For the last year and a half, my dad’s had terminal cancer. He was given 6 to 8 months to live initially, and has done better than expected. However, we’re now at the point that the doctors guess he’s got 2 to 4 weeks to live, and there’s good reason to believe they’re right.

    I pass this along because while I certainly intend to warn people if I have to skip an update, I might not get the chance to do that. If I don’t, that’s why.

  2. It’s ok, I think we all understand real life is more important. The story can wait. Enjoy the time you have with him and make some more good memories to look back on.

  3. Yeah, pretty darn understandable there.

    One thing to keep an eye on is your mom, afterward.

    In more story-oriented stuff, “See, I started with it, thinking I could fit a Rocket suit into a briefcase, but by the time I put everything I wanted the suit, it was the size of a suitcase, and weighed more than I did. I couldn’t lift it”

    Everything I wanted in the suit.

  4. I wish you and your family all the strength you need Jim.

    It might he heavy but if he puts it in the van it would allow him to have a full rocket suit that he has access to quickly. Instead of having to drive or fly back to HQ and take 10 min to cbange into the full suit. Im sure it would beat the stealth suit in a straight up fight.

  5. Having been through the same situation myself, you and your family will be in my thoughts and prayers. Let me know if there’s anything I can do.

  6. Thank you for the heads up. Will keep your whole family in my prayers.

    Hmmmm…. very interesting “living” suit? Guess we’ll find out later if it has to activate to only one set person’s touch or can anybody activate it. Right now it activates to Nick’s touch.

  7. Thanks for the support, everybody.

    Just so that you know, they’ve revised estimates of how long my dad has somewhat downward even since yesterday. They’re guessing that he may not survive the weekend. We will see what happens.

    What this means for Monday’s update, I don’t know. On the one hand, I may be too busy to write it. On the other, it may serve as a necessary mental break from everything else.

    Honestly, if I had to bet, I’d bet that it won’t happen, but I prefer to keep things open.

  8. Don’t think about Monday’s update right now. If you have to skip it, that’s fine with us. I know that’s the kind of situation where you want to be there and we aren’t going to stand in your way. You won’t regret the last days and hours with him.

    It’s a better way to spend your time and the rest of us will manage while you look after something more important.

  9. To reiterate PG, go spend time with him. If not for you and him, for your mom and other family members. I haven’t lost a parent, but I remember how much it meant to my Grandma that we drove 1/2 way across the country to see Grandpa just before he died.

  10. You don’t have to worry about that. My plans for tonight changed before noon today. We’ll be driving to my parents’ house (only 40 minutes away, fortunately). I don’t want to risk him dying before the weekend.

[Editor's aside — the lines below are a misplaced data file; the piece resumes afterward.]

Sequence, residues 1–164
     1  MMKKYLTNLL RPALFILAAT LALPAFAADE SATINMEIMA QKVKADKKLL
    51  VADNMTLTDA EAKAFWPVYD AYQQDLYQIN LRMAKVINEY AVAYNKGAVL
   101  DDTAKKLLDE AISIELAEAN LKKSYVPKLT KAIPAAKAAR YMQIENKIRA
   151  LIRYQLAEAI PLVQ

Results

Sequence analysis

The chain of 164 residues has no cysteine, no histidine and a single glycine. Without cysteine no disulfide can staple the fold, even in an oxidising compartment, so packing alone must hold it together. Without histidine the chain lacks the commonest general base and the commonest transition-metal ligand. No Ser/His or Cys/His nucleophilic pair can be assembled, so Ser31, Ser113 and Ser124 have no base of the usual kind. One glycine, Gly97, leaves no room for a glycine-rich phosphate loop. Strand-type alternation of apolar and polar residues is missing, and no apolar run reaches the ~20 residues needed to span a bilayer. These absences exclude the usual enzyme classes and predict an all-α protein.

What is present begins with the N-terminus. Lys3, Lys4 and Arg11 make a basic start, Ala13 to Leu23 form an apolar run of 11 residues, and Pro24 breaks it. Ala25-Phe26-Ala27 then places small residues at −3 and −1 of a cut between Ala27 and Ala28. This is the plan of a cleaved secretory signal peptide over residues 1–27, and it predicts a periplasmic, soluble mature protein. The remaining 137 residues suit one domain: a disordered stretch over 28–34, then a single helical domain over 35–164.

What else we’ll be doing this weekend I’ve really no idea. I know what we were doing, but what will happen is very open.

  11. Ouch. I’m really sorry to hear that Jim.

    Looks to me like that suits gonna take too long to form/crosslink.

    Might go faster if it can “remember” how it was set for the last 1 or 2 forms though.

  12. Take the whole week, or the next couple, if you have to. Make sure everyone is taken care of.

    On the story front, and continuing the cliches from last update’s comments, it appears that our hero is getting cold feet.

    Also, the new suit had to be able to know what it’s touching to configure properly. I wonder what kind of contact access that gives to whatever is touched. For example, what if she got desperate enough to pick up the abominator gun?

  13. Just letting people know that my dad did die last night.

    My family was there on Friday and Saturday evenings. Not sure when the funeral will be. I’m betting Wednesday as that will allow family members more time to travel (my dad grew up in Colorado and we live in Michigan).

    So, that’s where things are.

    1. Very sorry for your loss; please accept my condolences. Hope you do ok…and thanks for keeping in touch.

  14. I wish you the best in these hard times, Jim. You’ll get through it, but it’s a painful assurance. Perhaps that’s what makes it all the worse is that a part of you dies with them but you go on. Good luck.

  15. For me at least, it helps that I’ve had a year and a half to get used to the idea. The other thing that “helps” is that it still hasn’t quite set in yet–that despite the fact that we helped my mom get Dad’s clothes out of their room yesterday.

    I was amazed at how many bags of clothes it took.

  16. Jim,

    My condolences, very sorry to hear about your dad. Losing my dad four years ago was one of the toughest times of my life. It’s a club no one wants to be a member of, but once you are a member, there is great understanding of what it means.

  17. Thanks Bill, and Mike.

    I miss him, but I’m also glad that death was relatively quick and comfortable for him. Plus, he was only bedridden for the last two days of life. During the last year and a half, he and my mom got to do a lot of things together including going to Hawaii and China.

  18. “Whatever a “hoya” was.”

    What? Is this the same Nick you’ve been writing about for years? Not geeky enough to google something that weird sounding, just to know what it is?

    I suppose it’s not an articulated joint design or a winding pattern for a three phase motor, but it *might* be something interesting.